On March 25, 1931, two white women accused nine black men of raping them in the town of Paint Rock, Alabama. Taking place in the segregated South, this claim caused outrage to spread all throughout Alabama and the South, and the nine black men immediately became scapegoats.
An important figure of these trials that is often forgotten is Judge James Horton from Athens, Alabama, who was the presiding judge at the retrial of Haywood Patterson. The nine black men were all found guilty upon completion of their trials in Scottsboro; however, the Supreme Court agreed that they could not be tried fairly in Scottsboro and moved the trials to Decatur. This is how the trials ended up taking place in Judge Horton’s court.
Among one of Birmingham’s several farmer’s markets is Andy’s Farm Market, owned by Andy and Tricia Burris. Andy grew up on a family farm in Loxley, Alabama, where he started farming with his brother when he was twelve years old, growing strawberries and cantaloupe. From there, he went on to pursue a college degree and graduated from Birmingham Southern. In 1997 he and his wife opened the farmer’s market.
After opening the market, he purchased a small amount of pansies to sell in his store. In the following months, the Burrises built a greenhouse and opened a garden center in 2000. There they sell shrubs, trees, and other plants to their customers, along with the materials needed to help them grow.
For those on the outside looking in, the University of Alabama is synonymous with two things: football and the civil rights movement. Iconic images from that era include the riot on the Amelia Gayle Gorgas Library steps over the university’s inadvertent admittance of Autherine Lucy, George Wallace’s pro-segregation speech in front of Foster Auditorium, and Vivian Malone and James Hood standing side by side as they attempt to enroll for the fall 1963 semester. But there is another element to our campus’s history that is often forgotten: slavery.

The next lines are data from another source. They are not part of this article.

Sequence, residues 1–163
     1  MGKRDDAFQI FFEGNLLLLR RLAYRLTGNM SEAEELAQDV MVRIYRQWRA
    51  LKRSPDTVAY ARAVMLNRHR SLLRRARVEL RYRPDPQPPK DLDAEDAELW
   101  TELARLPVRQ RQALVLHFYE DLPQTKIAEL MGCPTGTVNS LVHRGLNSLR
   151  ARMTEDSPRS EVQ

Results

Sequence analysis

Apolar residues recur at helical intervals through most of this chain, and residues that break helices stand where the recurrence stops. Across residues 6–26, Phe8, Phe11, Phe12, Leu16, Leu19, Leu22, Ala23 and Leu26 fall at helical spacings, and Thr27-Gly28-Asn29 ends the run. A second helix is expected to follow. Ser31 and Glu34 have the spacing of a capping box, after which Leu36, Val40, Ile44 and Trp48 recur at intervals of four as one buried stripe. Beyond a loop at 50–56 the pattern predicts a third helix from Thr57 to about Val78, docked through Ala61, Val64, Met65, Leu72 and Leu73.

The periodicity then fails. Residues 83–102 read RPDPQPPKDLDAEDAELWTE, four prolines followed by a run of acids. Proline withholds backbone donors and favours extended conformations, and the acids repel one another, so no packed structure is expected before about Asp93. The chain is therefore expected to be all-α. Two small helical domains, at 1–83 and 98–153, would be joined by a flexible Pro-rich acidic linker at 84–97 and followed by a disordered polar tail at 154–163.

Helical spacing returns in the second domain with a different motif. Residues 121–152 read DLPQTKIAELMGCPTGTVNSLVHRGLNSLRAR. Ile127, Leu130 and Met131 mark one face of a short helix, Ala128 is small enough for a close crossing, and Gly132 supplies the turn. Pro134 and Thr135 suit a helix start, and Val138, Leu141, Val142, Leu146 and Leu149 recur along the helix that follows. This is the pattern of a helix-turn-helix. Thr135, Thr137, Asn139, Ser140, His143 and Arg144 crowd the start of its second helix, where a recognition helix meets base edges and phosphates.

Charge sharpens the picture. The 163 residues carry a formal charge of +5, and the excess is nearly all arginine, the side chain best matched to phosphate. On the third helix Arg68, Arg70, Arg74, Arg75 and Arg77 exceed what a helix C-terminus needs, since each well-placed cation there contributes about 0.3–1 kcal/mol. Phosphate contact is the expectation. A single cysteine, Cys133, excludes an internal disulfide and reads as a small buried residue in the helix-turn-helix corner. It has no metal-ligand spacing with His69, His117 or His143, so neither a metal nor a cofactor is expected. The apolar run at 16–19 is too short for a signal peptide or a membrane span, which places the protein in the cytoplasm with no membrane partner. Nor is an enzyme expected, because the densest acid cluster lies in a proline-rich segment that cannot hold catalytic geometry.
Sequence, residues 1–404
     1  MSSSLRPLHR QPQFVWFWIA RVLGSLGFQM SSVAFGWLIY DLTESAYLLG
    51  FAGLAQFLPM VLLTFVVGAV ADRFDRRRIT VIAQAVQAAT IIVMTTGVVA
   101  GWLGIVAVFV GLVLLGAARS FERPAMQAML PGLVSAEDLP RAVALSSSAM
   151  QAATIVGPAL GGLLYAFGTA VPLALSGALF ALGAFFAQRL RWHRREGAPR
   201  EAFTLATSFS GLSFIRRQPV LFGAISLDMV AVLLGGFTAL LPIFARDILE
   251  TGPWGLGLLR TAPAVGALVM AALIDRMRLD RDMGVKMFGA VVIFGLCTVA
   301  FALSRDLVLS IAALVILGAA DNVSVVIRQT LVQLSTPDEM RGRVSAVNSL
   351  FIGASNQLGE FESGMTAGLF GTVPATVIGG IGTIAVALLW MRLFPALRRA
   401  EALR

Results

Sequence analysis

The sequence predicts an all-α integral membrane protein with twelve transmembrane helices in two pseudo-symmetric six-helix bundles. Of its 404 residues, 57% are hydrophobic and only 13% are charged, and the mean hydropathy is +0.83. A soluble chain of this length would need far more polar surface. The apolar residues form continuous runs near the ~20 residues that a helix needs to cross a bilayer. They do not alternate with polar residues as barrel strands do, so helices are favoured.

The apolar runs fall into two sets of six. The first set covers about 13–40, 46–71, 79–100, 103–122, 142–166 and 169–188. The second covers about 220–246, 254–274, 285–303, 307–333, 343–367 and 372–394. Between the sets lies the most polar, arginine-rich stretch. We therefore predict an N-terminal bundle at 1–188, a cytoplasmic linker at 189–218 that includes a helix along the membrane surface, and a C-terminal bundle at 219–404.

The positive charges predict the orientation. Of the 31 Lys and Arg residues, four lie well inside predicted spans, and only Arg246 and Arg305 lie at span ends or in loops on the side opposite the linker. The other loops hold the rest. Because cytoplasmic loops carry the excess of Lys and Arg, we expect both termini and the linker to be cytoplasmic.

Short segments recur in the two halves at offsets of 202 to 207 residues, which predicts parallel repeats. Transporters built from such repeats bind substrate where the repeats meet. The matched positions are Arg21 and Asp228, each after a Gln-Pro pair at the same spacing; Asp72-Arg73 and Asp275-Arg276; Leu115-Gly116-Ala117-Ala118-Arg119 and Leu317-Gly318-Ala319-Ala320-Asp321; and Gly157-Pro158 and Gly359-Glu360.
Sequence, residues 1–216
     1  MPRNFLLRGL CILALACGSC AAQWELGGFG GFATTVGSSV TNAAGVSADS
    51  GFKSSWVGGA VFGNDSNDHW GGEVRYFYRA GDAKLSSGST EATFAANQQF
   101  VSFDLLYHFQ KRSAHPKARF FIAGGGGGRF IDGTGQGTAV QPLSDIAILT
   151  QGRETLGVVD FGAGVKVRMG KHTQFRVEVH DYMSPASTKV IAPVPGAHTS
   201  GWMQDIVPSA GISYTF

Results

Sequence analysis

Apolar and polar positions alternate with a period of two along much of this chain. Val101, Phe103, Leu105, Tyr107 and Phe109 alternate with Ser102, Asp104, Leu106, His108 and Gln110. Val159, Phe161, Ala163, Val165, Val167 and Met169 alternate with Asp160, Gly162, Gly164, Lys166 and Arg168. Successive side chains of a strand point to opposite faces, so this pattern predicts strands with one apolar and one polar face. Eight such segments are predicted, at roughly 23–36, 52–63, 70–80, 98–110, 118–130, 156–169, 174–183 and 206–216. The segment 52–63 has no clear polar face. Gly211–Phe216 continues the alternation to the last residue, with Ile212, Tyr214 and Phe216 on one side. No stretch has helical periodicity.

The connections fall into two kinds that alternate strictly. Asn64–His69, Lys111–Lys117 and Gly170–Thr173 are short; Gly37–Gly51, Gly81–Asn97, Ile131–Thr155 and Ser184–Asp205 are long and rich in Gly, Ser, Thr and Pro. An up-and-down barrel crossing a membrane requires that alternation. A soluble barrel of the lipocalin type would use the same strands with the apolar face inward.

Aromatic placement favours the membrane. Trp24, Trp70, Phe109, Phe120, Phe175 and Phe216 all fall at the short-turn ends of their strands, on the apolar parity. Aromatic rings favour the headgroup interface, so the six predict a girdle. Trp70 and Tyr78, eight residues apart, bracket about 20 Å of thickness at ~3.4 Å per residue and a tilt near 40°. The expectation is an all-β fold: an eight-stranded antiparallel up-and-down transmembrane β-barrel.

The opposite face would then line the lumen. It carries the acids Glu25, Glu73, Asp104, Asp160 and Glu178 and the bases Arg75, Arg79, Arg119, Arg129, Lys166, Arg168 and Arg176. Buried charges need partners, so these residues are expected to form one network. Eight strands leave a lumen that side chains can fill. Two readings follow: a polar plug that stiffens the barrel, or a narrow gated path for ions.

In the ten years since he became head coach of the Crimson Tide football team, Nick Saban has amassed an unprecedented number of wins on every level: regular season games, SEC Championships, post-season bowls on the national level, and coaching awards. By the time I arrived at the University of Alabama in 2013, his name was already in conversation with another Alabama legend: Coach Paul "Bear" Bryant.
A native of Cleveland County, Arkansas, Bryant was known for two things: his signature houndstooth fedora and winning. During his quarter-century tenure at the University of Alabama, Bryant engineered more than three hundred wins for the program, coached the legendary quarterback Joe Namath, and oversaw the integration of UA’s athletic program in the early 1970s. I’d like to argue that many aspects of Bryant’s successful career was owed primarily to one man: Frank Thomas.